Utah needs to add more dynamism to its backcourt, and the 6'5" Clarkson should be a nice get in that regard.
He'll serve a dual purpose for the Jazz. Given his size, he can play as an off-ball guard in lineups with Trey Burke and then hone his point guard skills by handling the ball when he leads the second-unit offense.
24. Charlotte Hornets (via Portland): T.J. Warren, SF, North Carolina State
In the Bobcats era, Charlotte frequently invested in local talent from ACC teams, and the Hornets will continue that tradition with Warren.
As an iso scorer off the bench, he will feast on second-unit wings. He's not too fast or a great leaper, but he can use slight feints to create all the space he needs to go up with jumpers from unorthodox angles. Against lesser defenders, he'll put up a good chunk of points that way.
25. Houston Rockets: Clint Capela, PF, Switzerland
Houston needs to find a suitable power forward to pair with Dwight Howard, and Capela has the potential to grow into that guy.
Already he's shown a nice mid-range jumper and the athletic ability to play as a faceup forward, which would give Howard the space to operate in the low post. With a season or two more of seasoning in Europe, Capela could be a nice addition to the Rockets.
26. Miami Heat: Shabazz Napier, PG, Connecticut
All Miami needs its point guard to do is play solid on-ball defense and spot up for three-pointers.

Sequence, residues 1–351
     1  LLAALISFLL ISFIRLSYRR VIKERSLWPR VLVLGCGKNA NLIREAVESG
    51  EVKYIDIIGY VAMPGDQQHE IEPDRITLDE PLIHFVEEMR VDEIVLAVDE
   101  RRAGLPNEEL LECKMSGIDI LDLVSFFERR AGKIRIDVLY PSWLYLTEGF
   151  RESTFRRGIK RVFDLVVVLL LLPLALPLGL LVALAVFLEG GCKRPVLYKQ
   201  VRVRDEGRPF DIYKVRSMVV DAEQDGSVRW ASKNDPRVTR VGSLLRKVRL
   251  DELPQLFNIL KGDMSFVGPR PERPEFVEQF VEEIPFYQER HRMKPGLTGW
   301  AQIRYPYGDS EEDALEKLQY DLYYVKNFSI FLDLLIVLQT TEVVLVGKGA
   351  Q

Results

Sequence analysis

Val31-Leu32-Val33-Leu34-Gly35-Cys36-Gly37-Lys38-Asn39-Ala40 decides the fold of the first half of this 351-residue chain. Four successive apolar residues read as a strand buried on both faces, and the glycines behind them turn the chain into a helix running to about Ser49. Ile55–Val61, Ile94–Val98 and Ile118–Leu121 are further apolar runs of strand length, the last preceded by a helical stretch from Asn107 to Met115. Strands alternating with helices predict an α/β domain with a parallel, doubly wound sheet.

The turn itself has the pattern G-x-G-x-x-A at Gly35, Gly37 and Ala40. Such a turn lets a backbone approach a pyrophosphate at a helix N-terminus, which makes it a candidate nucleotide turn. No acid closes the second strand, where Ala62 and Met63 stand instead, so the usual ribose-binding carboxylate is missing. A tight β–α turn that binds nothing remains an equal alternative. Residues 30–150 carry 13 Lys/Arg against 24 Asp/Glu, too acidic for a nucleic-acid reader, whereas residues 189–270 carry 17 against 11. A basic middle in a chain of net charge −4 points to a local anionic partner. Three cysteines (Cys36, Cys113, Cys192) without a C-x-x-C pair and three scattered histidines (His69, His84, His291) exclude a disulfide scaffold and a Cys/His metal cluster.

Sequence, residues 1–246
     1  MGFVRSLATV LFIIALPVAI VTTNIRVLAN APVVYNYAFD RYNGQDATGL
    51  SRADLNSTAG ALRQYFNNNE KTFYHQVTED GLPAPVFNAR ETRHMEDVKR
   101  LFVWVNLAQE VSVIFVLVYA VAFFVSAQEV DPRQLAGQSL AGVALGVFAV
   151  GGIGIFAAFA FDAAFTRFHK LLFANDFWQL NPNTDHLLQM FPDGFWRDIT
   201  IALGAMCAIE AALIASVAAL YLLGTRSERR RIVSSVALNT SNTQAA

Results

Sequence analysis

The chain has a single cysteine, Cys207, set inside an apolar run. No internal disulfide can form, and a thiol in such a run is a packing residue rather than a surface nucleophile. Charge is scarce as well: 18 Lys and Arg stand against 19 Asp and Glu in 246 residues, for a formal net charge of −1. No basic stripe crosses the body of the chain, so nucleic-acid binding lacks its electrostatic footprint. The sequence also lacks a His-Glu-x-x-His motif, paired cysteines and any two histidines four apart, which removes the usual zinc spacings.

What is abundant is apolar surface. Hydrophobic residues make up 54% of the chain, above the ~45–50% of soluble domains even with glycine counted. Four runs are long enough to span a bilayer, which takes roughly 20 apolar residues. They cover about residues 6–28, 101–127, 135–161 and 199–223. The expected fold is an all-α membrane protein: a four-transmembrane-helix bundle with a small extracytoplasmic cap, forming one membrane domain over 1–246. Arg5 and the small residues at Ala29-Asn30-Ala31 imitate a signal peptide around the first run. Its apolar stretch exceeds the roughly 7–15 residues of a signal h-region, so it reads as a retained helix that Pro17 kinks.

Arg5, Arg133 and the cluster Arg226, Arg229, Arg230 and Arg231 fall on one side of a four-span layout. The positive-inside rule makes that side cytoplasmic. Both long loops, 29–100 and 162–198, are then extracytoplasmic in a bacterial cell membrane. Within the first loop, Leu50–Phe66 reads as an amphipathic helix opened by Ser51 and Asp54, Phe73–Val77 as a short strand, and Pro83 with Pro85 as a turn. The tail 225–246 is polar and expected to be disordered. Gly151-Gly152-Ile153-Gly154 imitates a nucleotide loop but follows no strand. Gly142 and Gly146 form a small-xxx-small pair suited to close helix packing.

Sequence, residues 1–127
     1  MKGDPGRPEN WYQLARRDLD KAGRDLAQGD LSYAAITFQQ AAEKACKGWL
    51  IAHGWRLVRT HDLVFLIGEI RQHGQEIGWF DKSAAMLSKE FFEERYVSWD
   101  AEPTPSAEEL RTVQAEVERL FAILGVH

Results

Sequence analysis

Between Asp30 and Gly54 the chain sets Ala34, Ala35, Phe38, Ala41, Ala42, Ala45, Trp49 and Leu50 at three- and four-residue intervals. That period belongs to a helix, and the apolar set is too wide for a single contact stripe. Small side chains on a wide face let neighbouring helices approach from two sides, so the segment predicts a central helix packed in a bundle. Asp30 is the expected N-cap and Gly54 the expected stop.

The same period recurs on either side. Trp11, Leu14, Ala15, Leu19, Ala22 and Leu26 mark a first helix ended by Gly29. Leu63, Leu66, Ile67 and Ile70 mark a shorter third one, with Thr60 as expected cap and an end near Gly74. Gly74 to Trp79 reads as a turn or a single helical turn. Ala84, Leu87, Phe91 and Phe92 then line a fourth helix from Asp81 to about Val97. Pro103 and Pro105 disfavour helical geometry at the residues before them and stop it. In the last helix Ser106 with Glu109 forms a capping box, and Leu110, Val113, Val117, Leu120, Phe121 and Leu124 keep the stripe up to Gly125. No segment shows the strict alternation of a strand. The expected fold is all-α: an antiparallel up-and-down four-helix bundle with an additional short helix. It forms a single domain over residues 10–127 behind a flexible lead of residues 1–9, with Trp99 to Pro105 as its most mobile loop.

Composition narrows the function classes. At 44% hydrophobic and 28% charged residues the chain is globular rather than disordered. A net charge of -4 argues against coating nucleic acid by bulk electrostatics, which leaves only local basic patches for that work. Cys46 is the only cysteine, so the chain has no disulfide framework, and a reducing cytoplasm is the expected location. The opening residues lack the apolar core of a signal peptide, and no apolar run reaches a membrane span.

Napier can give the Heat even more than that, adding elite free-throw shooting and great leadership skills to the mix. His biggest weakness is his tendency to commit turnovers, but playing in an offense that often asks him to play off the ball will limit that downside.
27. Phoenix Suns (via Indiana): Thanasis Antetokounmpo, SF, Delaware 87ers (NBA D-League)
The older brother of Giannis, Thanasis will give Phoenix a freak athlete to defend the wings just as Dragic and Bledsoe do in the backcourt.
In a pinch, he has the speed to stick with point guards in man matchups, and at 6'8", he can use his height and leaping ability to give power forwards problems. He'll also contribute by running the floor in transition and spotting up for threes on offense.
28. Los Angeles Clippers: P.J. Hairston, SG, Texas Legends (NBA D-League)
The Clippers have plenty of swingman shooters, but very few who can create their own shots.
Hairston doesn't excel at much else, but he can do that much. Both with the Legends and at UNC, he burned defenses with his shooting from well beyond the arc and his ability to take defenders off the bounce and pull up on a dime.
29. Oklahoma City Thunder: Jordan Adams, SG, UCLA
The Thunder have a couple of pretty solid scorers in place, to say the least, but they're always looking for more defenders off the bench.
Unlike most OKC prospects, Adams isn't much of an athlete, but he's a disciplined man defender who can shoot the long ball well enough to keep the spacing on the offensive end. Consider him a natural replacement for the departing Thabo Sefolosha.
30. San Antonio Spurs: Mario Hezonja, SG, Croatia
R.C. Buford will maintain San Antonio's emphasis on international drafting regardless of whether Gregg Popovich decides to return following the NBA Finals.
In Hezonja, the Spurs get an intriguing shotmaker who could grow into a 6'8" successor to Manu Ginobili. He has the head for the game to figure out how to participate in the ball-movement-heavy San Antonio offense—something few 19-year-olds could say.